Italy’s Dominik Paris gets downhill World Cup win

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Entering the day, Italy’s Dominik Paris was ranked second in downhill World Cup points, more than 100 points behind the season leader, Switzerland’s Beat Feuz.

Feuz, skiing two racers ahead of Paris in Kvitfjell, Norway today, laid down a run more than a second faster than then-current leader, Norway’s Aleksander Aamodt Kilde. Paris stepped into the gate knowing he had to be on the podium — preferably on top of it — if he wanted a chance to win his first World Cup crystal globe as the season draws to a close.

Paris fearlessly attacked the course, and crossed the finish .25 hundredths of a second ahead of Feuz and picked up his third World Cup downhill win of the season.

Full results are here.

With the win, Paris earned 100 World Cup points. However, Feuz held on to the lead in the downhill point standings, earning 80 points for his second place finish. Things could get interesting with one final downhill race remaining on the schedule for the season. Both men will need to be at their best if they hope to walk away with the crystal globe in Soldeu, Andorra on March 13.

The U.S.’ Steve Nyman had his best downhill race since December, finishing seventh on the day, while his teammate, and frequent top-10 finisher, Bryce Bennett ended up in 12th place.

On Sunday, the men are scheduled to race in the Super-G. Watch live beginning at 5:00 a.m. ET on TV and streaming on Olympic Channel and NBC Sports Gold.   

The women’s World Cup tour was supposed to race this weekend in Sochi, Russia, but snow and wind have kept athletes off the mountain since Wednesday. It’s the first World Cup event in Sochi since the 2014 Olympics. Despite the lack of racing, the U.S.’ Mikaela Shiffrin, not even entered in the events this weekend, had enough points banked from previous racing to mathematically win her third-consecutive overall World Cup title.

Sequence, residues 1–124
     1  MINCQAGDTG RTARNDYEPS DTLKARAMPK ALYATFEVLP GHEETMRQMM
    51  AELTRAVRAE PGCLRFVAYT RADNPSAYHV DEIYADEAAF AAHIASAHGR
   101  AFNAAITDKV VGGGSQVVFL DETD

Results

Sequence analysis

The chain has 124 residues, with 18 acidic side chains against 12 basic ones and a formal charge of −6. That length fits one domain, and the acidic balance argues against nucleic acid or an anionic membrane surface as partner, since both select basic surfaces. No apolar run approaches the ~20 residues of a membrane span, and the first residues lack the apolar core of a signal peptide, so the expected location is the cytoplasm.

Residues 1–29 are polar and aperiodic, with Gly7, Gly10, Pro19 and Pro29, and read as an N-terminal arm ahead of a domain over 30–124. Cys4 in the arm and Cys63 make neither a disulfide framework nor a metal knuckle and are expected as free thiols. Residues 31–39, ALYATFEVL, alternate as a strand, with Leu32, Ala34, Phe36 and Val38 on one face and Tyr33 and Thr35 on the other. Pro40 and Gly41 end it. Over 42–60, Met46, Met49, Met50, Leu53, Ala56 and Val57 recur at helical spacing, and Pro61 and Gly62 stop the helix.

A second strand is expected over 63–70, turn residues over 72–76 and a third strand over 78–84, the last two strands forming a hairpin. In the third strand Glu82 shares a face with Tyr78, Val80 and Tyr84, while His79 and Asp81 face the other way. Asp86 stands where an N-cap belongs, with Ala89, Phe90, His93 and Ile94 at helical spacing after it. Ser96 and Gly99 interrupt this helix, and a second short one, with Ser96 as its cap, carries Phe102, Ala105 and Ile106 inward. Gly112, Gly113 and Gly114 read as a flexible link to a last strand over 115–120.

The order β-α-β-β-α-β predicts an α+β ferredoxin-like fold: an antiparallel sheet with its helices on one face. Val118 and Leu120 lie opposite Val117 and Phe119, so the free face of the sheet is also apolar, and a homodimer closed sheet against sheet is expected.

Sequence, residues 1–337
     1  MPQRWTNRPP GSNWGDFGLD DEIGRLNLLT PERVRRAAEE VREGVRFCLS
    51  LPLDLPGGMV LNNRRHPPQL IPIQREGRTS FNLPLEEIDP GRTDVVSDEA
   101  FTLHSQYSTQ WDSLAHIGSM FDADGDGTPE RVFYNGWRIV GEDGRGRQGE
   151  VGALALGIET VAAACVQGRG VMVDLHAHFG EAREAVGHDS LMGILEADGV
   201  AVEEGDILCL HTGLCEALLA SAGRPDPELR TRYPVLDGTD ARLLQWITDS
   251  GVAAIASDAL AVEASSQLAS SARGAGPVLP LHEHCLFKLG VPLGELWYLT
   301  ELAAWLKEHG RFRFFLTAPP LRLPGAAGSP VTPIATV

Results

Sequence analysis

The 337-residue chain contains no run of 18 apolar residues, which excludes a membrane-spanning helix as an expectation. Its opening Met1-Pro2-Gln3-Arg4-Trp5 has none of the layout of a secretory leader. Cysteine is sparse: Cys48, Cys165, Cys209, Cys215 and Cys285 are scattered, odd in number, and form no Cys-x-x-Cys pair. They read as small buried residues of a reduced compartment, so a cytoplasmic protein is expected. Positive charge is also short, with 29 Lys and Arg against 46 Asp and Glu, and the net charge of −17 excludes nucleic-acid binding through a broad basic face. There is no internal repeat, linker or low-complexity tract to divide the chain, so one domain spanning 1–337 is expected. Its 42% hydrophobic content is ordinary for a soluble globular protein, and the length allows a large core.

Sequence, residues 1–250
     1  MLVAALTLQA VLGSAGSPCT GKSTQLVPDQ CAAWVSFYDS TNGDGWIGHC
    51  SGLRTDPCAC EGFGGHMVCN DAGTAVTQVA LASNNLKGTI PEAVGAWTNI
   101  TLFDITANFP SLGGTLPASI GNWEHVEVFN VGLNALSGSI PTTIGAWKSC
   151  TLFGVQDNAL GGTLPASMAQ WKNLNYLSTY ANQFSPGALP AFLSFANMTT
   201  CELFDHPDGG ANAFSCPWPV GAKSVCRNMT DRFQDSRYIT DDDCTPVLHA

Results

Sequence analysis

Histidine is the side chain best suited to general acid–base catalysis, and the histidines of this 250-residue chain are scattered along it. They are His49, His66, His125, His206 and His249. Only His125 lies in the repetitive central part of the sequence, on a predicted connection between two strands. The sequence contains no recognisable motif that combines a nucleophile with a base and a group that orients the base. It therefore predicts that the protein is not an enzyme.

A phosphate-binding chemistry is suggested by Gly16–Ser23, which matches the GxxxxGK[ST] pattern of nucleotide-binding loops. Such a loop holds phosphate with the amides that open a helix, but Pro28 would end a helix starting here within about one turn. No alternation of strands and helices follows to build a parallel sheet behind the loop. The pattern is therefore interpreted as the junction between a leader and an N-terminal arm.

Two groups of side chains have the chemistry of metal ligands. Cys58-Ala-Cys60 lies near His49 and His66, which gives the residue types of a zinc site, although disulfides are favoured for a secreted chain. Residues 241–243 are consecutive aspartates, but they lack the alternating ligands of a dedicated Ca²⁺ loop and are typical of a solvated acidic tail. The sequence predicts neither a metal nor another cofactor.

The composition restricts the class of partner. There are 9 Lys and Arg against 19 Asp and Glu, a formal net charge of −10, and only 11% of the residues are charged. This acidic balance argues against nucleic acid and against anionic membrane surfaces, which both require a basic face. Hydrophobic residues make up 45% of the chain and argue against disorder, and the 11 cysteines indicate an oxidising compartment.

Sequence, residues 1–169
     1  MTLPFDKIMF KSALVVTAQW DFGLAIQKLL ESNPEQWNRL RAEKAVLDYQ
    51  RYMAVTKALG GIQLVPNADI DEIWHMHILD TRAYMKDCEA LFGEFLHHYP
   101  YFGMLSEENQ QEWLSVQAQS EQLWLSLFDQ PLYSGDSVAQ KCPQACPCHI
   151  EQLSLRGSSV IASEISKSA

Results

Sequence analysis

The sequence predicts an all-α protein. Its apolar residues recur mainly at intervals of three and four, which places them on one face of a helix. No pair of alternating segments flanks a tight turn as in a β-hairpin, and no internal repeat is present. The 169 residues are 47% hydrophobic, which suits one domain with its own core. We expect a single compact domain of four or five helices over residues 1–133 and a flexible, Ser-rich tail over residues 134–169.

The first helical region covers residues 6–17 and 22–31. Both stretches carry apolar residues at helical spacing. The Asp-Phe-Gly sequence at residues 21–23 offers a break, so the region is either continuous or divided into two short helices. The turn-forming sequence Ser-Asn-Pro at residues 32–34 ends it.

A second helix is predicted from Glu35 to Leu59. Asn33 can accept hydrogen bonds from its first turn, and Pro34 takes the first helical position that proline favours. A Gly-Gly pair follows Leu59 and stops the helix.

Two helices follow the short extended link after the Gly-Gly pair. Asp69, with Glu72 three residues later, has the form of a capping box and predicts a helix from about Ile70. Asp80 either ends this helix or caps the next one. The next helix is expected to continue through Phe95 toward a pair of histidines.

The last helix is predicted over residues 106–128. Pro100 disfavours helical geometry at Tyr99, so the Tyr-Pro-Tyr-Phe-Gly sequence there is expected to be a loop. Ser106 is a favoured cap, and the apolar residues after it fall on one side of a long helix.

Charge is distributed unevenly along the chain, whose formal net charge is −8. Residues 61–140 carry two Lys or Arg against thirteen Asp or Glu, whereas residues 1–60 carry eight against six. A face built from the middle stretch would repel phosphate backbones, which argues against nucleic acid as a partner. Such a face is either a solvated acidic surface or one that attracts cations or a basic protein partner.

Efforts are now focused on salvaging what’s left of the weekend, with race officials hoping to have a skiable Super-G course ready for Sunday at Rosa Khutor. If successful, racing is set to begin at 2:30 a.m. ET, with live coverage on TV and streaming on Olympic Channel and NBC Sports Gold.   

2022 Pan Pacific Championships canceled as swimming calendar shifts

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The Pan Pacific Swimming Championships, a quadrennial major international meet, will not be held in 2022 “out of respect for the recent changes to the international sporting calendar,” according to a press release.

The Pan Pacs’ charter nations — the U.S., Australia, Canada and Japan — agreed to the move. The 2026 event will be held in Canada, which was supposed to be the 2022 host.

The decision came after the 2021 World Championships were moved to May 2022, following the Tokyo Olympics moving from 2020 to 2021 due to the coronavirus pandemic. The quadrennial multi-sport Commonwealth Games — which includes Australia and Canada, but not the U.S. or Japan — are scheduled for July 27-Aug. 7, 2022.